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Standing drops as Giuliani spends money, time in must-win Florida

Standing drops as Giuliani spends money, time in must-win Florida

Standing drops as Giuliani spends money, time in must-win Florida

Republican presidential hopeful, form...


    DEERFIELD BEACH, Fla. — Rudy Giuliani splurged on Florida, lavishing time and money on a high-risk gamble that the state would vault him to the Republican presidential nomination.
    Five days before his make-or-break primary, all that last year’s national front-runner has to show for the love he’s given the Sunshine State is a diminished standing.
    ‘‘We are gaining support. I think you’ll see that over the next few days,’’ Giuliani insisted Wednesday, hours before a new poll showed him trailing John McCain and Mitt Romney.
    Florida was supposed to be ‘‘Rudy Country.’’ His game plan called for playing down earlier-voting states for a laser focus on Florida and its 57-delegate prize. He pumped more than $3 million into advertising and planted himself here, counting on a win to give him unbeatable momentum going into the voting by nearly two dozen states on Feb. 5. The nomination was to follow.
    All that now is in danger.
    McCain and Romney grabbed headlines by winning states that voted earlier; Giuliani won nothing and stayed out of the picture. Polls this week, even in his home state of New York, an expected bulwark for him on Feb. 5, showed him tied or behind. His once huge advantage in California is no more, either.
    In Florida, a new poll shows McCain and Romney neck-and-neck for the lead, with 25 percent and 23 percent, while Giuliani and Mike Huckabee trail at 15 percent. More than one-fourth of the likely voters surveyed between Sunday and Tuesday — 27 percent — said they still may change their minds. The poll was sponsored by the St. Petersburg Times, The Miami Herald and Bay News 9.
    Undeterred, Giuliani said, ‘‘We are going to accomplish it against the odds.’’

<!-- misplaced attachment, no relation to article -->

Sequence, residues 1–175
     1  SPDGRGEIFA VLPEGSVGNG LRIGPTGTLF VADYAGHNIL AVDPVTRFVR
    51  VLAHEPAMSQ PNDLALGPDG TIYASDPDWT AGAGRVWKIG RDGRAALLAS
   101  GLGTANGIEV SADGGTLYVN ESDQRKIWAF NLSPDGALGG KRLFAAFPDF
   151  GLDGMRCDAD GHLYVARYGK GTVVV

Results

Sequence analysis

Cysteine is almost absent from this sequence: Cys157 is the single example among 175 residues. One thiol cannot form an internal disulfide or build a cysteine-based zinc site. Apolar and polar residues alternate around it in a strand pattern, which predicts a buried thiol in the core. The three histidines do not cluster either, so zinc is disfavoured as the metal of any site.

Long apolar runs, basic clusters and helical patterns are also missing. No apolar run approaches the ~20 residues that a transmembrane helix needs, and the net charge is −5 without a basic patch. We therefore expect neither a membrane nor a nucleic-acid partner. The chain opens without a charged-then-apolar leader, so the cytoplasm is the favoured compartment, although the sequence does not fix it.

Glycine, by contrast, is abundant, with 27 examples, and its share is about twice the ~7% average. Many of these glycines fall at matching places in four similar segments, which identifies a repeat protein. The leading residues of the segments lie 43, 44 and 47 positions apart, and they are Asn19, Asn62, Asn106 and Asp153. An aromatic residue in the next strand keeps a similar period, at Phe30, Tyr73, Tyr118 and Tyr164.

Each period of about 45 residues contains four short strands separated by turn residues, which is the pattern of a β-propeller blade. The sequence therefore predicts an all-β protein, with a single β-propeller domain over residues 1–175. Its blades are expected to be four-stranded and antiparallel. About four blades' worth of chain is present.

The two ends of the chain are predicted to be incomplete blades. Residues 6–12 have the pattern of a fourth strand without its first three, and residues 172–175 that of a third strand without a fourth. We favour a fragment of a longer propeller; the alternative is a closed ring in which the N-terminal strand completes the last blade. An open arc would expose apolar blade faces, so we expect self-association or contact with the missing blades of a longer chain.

He argued that his message just needs a little more time to sink in. He’s the only Republican supporting a national catastrophic insurance fund important to many hurricane-weary and cash-strapped Floridians, he has what he calls the largest tax-cut proposal of any candidate and says he has the most relevant government experience.
    As he told a couple of hundred people at a Boca Raton rally on Thursday, ahead of the evening GOP debate here: ‘‘I’m your candidate because I’ll get it done. ... I’m the candidate that is good on all of these things, national security and economic security.’’
    It’s possible that absentee and early voters could give Giuliani a bump on Tuesday. He has get-out-the-vote programs catering to both. He’s also counting on a large number of New York retirees in Florida to carry him to victory, though its unclear how many are registered to vote, let alone as a Republican.
    This isn’t the first time Giuliani has tried to compete, only to hit a rocky patch.
    He peppered Iowans with mailed campaign literature and some $300,000 in radio advertisements, only to finish sixth behind little-known Texas Rep. Ron Paul in the leadoff contest. New Hampshire’s primary proved embarrassing as well with more than $3 million spent on ads and mail and countless visits — and a fourth-place showing.